Ouch! Ouch! I don’t know how you managed to type this post with that kind of big boo-boo. Once again, great info for novices like me. I have comfrey in the garden and other various herbs that my belated friend taught me to plant, but she passed before showing me what to do with many of them (marshmellow, caldendula, yarrow). I knew some of the stuff from my lavender, mint, etc. and she did teach me about comfrey. Thanks to all of the posters for the various info on the healing power of herbs. Special thanks, Anais, for the poultice info. Great stuff. I wanted to share that Sophie taught me that when you plant a tree (like my Montmorency cherry, elderberry) always plant comfrey next to it or quite nearby.

    • kj says:

      Hi Chris,
      May I ask the reasoning behind planting comfrey near your trees? I have not heard of that before.

      • Meredith says:

        Comfrey is a nutrient accumulator. It brings up an enormous amount of nutrients from very deep in the ground, and stores them in its leaves. It also makes a very large amount of green matter above ground which re-grows very quickly. Some people plant them near baby trees, and then periodically lop them off and drop the tops on the ground, creating extremely high nutrient mulch which the tree can use. In addition, all that nutrient-rich green matter dies back in fall (well maybe not in CA) and mulches the ground. It’s blossoms also attract A LOT of pollinating insects, which would also pollinate the nearby tree.

  8. kj says:

    Hi Anais,
    Sorry about your finger, I too have done that – more times than I would like! I too use Comfrey – fresh when available and I harvest and dry it for winter use – just reconstitute in warm water when needed; the same goes for plantain, which is also great for burns. Mullein is also very helpful not only for cuts and scraps but I also dry it and use it in tea in the winter for congested coughs and can also use it as a poultice. All 3 of these herbs are usually readily available, especially plantain and mullein. I also try to keep aloe vera on hand. Lavender essential oil is wonderful for burns as well as headaches and to calm and soothe. I use herbs on a daily basis, fresh when in season, and dried throughout late fall and winter. I also use tinctures and have on hand essential oils for aromatherapy, especially in the winter – my favorite is orange and lemon which are known to kill airborne viruses – You don’t need to necessarily buy the tinctures, I use the fresh peels, twist them to get the oils to the surface, throw them in a pot of water and place it on top of the woodstove – smells great and helps clean the air….I also always keep on hand cayene pepper for wounds with excessive bleeding…these are just some of the things we use – hope they are helpful to you as well.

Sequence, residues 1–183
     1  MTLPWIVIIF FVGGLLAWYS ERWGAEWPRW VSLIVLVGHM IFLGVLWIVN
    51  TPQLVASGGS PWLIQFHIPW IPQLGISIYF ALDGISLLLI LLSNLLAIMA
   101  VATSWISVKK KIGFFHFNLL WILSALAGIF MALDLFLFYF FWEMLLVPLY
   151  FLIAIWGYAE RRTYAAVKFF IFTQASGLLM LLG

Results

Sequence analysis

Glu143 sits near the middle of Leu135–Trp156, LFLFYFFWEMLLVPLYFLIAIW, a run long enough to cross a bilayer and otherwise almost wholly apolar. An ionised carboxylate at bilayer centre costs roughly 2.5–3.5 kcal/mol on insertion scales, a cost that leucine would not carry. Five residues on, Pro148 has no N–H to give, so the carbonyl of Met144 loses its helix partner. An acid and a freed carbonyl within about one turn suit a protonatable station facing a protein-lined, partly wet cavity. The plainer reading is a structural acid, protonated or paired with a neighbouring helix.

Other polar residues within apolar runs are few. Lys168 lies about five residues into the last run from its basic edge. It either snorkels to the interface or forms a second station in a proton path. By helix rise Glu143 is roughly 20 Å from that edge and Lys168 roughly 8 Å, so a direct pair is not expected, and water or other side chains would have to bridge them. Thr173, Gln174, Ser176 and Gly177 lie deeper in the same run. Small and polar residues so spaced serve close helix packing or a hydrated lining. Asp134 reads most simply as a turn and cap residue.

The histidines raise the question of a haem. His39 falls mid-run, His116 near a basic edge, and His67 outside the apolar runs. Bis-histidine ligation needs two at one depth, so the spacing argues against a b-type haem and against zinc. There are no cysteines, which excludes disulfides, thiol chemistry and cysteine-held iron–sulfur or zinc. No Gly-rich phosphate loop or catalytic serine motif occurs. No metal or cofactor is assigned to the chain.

9. britt says:

    To KJ, comfrey not only heals humans but helps transplant shock to plants as well is a good additive to compost teas recipies. Thats my thought on it. My 4 year old needed a place in our yard to garden and make “potions” and pretend brews for her “fairy, ladybug and bee friends”. So around our little fish pond we have scattered slate rock stepping stones and planted every new herb on the market we can find. Even a little rye grass between the rocks. She is in heaven makeing everyone taste stevia, and the 5 different mints we have. We have interspursed the herbs with some edible flowers and she happily sits for hours with her kitty offering her catnip and rye grass to roll around in watching honey bees take “her pollen presents”. I am the recipient of lavender cashes and flowers so sweet. Its the best boredome buster and on rainy days we look at seed catologs and herbal companion books and share our pipe dreams of paradise together. Here in the Tampa area we are blessed to grow year round and the pond is under the shade of a nice fig tree so the dreaded heat of summer still can’t quite murder them all and keeps the invasive herbs at bay.

  10. Luise says:

    I love comfrey, not only for healing, but also for eating the young leaves, compost tea and mulch. And the bees love the flowers!

    I grow a few other healing herbs in my garden: My first choice with wounds is always plantain (plantago major or lanceolata, not the banana :)) which stops the bleeding quickly, detoxifies and promotes healing.

    Another plant I also use a lot is yarrow (achillea millefolium). Fresh leaves for wounds (not for puncture wounds as it will heal the top so quickly that the deeper part is still open and might not heal well!) and the flower heads for tincture and tea (strong yarrow tea will chase away any sickness quickly! Flue will pass in two days sometimes!).

    Those are my favourites. 🙂

    Get well soon and have fun getting to know plantain and yarrow, every garden should have some!